3 In the Drop Shadow dialog box change the following settings:

Opacity: Change to 100% by either entering 100 into the Opacity text field, or clicking on the arrow buttons to the left of the field.

X Offset: Use the down-arrow to change the offset to a value of 3.

Y Offset: Use the down-arrow to change the offset to a value of 3.

Blur: Change to 1 pt by either entering 1 into the Blur text field, or clicking on the arrow buttons to the left of the field.

4 Change the color of the drop shadow by clicking on the color box; this displays the Color Picker. The Color Picker provides a color spectrum from which you can visually select colors, or enter color values into the text boxes to manually define colors.

5 Click and drag the slider down toward red on the color spectrum, then click on a red color in the Color Field. Click OK.

Sample Lesoon Image

A. Color Field. B. Color slider. C. Color spectrum.

6 Click OK in the Drop Shadow dialog box. The drop shadow has been changed.

Sample Lesoon Image

Make changes to the drop shadow.

The result.

7 You will not be saving this file, choose File > Close, and choose No (Windows), or Don’t Save (Mac OS) when the Adobe Illustrator warning dialog box appears.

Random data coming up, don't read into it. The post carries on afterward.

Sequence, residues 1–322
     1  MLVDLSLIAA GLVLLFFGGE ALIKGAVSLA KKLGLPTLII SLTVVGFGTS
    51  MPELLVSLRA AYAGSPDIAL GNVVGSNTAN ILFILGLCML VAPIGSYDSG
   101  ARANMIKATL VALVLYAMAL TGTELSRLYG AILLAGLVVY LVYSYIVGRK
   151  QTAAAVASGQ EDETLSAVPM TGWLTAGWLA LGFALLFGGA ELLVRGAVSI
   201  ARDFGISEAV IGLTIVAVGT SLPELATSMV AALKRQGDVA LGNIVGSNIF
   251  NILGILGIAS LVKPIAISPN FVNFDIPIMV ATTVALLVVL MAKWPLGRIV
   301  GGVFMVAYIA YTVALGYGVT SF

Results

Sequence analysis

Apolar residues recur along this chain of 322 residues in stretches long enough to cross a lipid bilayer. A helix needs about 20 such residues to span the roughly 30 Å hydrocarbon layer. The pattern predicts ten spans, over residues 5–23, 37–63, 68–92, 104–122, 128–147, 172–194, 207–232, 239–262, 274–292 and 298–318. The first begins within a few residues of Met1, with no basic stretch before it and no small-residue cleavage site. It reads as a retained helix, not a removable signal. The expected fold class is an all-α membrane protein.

Throughout this lesson, you will be using alternate methods from which you can select color. But, keep in mind the power and ease of use the Appearance panel provides.

Creating a colorful illustration

In this next exercise, you create a colorful illustration. While creating this illustration, you have the opportunity to use features that will speed up your production time, and also offer you creative solutions for color.

1 To begin, you will open the finished file. Choose File > Browse in Bridge and click on the Favorites tab (in the upper-left corner). Click on Desktop and open the ai02lessons folder that you dragged on to the desktop.

2 Locate the file named ai0402_done.ai inside the ai02lessons folder, and double-click on it to open it in Illustrator CS6. An illustration of a retro bus appears.

You are looking at the final illustration that you will create. In this lesson, you will have the opportunity to experiment with fills, strokes, patterns, Live Paint and gradients.

3 You can either choose File > Close, to close this file, or keep it open as a reference.

Continue to the next Illustrator Tutorial: Using Live Paint >




These tutorials are created by and the team of expert instructors at American Graphics Institute.